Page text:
The Trustees report came after Senate Majority Leader Mitch McConnell (R-Ky.)—a proponent of Social Security cuts—claimed Tuesday night he was concerned about the rising national debt following the Senate's passage of a $480 billion coronavirus stimulus package.

"Let's weigh this very carefully, because the future of our country in terms of the amount of debt that we're adding up is a matter of genuine concern," said McConnell.

McConnell's rediscovered deficit hawkery—absent when the senator was pushing legislation through the Senate aimed at helping the superrich and large corporations—combined with the Trump administration's continued push for a payroll tax cut fueled fears that Republicans could be gearing up for another concerted effort to slash Social Security.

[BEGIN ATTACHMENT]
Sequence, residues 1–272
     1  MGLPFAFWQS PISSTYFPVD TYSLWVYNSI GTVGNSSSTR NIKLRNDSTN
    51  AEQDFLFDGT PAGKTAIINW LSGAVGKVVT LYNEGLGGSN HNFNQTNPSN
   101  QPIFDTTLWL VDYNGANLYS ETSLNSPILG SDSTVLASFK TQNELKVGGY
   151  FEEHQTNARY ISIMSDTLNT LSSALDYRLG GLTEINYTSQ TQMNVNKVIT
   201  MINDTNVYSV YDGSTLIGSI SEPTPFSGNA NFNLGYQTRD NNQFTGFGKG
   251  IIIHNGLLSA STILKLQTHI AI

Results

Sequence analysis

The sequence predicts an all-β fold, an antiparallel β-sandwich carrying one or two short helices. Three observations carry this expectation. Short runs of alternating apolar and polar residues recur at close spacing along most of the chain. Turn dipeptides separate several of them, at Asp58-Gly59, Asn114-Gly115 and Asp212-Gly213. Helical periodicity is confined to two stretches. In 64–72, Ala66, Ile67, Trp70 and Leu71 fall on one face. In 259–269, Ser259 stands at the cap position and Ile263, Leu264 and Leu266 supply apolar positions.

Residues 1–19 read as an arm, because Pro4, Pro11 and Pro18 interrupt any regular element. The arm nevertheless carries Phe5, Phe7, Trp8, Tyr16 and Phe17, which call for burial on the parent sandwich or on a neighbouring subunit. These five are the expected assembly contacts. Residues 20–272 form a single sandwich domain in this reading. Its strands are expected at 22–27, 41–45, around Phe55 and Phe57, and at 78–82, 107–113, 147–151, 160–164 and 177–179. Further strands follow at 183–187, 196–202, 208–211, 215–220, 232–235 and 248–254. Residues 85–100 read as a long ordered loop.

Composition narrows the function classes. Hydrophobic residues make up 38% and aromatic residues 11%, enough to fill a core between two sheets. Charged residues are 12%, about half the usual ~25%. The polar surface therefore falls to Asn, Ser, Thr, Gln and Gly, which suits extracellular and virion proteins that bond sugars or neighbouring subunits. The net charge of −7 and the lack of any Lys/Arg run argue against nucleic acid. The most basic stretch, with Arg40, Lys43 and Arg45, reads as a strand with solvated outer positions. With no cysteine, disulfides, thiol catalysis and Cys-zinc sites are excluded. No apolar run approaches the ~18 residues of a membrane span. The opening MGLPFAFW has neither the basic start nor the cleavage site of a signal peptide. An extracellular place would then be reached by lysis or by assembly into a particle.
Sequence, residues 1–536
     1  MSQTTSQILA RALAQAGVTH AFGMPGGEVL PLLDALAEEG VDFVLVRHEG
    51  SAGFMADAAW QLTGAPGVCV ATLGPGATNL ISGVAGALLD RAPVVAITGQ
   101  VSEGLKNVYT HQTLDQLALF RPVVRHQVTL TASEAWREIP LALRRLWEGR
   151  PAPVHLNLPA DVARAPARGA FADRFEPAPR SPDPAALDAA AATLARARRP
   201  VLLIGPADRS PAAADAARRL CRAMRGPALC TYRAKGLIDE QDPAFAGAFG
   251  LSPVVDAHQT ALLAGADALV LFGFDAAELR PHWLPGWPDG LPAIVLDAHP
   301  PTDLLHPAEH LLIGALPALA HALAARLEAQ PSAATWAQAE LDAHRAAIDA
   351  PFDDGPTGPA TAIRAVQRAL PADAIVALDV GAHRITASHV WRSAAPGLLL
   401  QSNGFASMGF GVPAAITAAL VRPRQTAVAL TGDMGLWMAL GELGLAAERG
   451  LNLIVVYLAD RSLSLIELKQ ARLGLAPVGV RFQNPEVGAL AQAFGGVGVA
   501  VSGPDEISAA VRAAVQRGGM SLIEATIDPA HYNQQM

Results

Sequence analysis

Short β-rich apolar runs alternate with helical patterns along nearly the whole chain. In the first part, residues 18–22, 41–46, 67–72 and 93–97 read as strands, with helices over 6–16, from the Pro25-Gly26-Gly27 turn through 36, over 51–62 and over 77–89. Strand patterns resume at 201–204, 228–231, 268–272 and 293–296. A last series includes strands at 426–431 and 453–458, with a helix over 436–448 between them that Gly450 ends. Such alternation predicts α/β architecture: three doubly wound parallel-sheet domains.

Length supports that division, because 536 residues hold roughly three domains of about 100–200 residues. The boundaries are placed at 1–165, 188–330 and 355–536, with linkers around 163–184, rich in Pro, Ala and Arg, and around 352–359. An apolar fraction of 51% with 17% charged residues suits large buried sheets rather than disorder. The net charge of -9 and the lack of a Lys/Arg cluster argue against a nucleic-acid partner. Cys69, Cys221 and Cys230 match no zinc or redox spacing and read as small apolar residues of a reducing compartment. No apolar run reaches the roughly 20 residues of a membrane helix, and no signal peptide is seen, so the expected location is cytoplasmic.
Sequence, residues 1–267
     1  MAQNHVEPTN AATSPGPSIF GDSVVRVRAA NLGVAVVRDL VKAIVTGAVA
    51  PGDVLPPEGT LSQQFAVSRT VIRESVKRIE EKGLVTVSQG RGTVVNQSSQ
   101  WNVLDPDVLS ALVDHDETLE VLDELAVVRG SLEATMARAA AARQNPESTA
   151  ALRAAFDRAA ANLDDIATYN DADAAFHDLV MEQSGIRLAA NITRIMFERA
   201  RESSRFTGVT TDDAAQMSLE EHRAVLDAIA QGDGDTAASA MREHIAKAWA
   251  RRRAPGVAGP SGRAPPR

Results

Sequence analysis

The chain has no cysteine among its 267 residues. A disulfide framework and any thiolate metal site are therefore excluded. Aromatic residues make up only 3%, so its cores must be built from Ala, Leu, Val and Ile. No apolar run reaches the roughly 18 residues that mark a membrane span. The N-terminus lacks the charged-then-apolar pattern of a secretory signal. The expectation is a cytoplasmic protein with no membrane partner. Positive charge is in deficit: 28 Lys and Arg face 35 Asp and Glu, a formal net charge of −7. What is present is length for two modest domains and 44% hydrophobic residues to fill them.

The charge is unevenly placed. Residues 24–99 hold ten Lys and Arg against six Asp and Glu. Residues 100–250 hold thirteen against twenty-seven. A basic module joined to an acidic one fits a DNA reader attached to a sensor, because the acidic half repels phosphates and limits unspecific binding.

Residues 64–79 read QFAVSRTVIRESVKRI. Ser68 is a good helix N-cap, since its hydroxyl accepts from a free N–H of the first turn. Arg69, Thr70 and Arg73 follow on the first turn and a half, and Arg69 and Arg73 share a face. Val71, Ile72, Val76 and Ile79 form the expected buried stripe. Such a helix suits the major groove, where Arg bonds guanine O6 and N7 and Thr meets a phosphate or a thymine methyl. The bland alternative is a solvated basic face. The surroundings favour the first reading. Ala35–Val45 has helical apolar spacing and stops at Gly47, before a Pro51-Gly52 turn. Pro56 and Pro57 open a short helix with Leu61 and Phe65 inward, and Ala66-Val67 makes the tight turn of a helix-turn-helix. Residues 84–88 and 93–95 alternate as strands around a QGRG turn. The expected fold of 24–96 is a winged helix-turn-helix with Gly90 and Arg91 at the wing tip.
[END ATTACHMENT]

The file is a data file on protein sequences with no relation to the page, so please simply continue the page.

"Republicans, led by Donald Trump, are trying to use the pandemic as an excuse to slash payroll contributions, Social Security's dedicated funding," said Altman. As Common Dreams reported, Republicans already succeeded in slipping into the CARES Act a provision that allows employers to delay payment of the payroll tax.

Treasury Secretary Steve Mnuchin on Tuesday proposed reducing the employee payroll tax—one of Social Security's primary funding mechanisms—as part of the next Covid-19 stimulus package. Earlier this month, Trump expressed his support for permanently slashing the employee payroll tax.

"Social Security is strong," Max Richtman, president and CEO of the National Committee to Preserve Social Security and Medicare, said in a statement. "But its long-term fiscal health cannot be guaranteed if the White House and Congress continue to use the program's financing structure for economic stimulus during the Covid-19 crisis."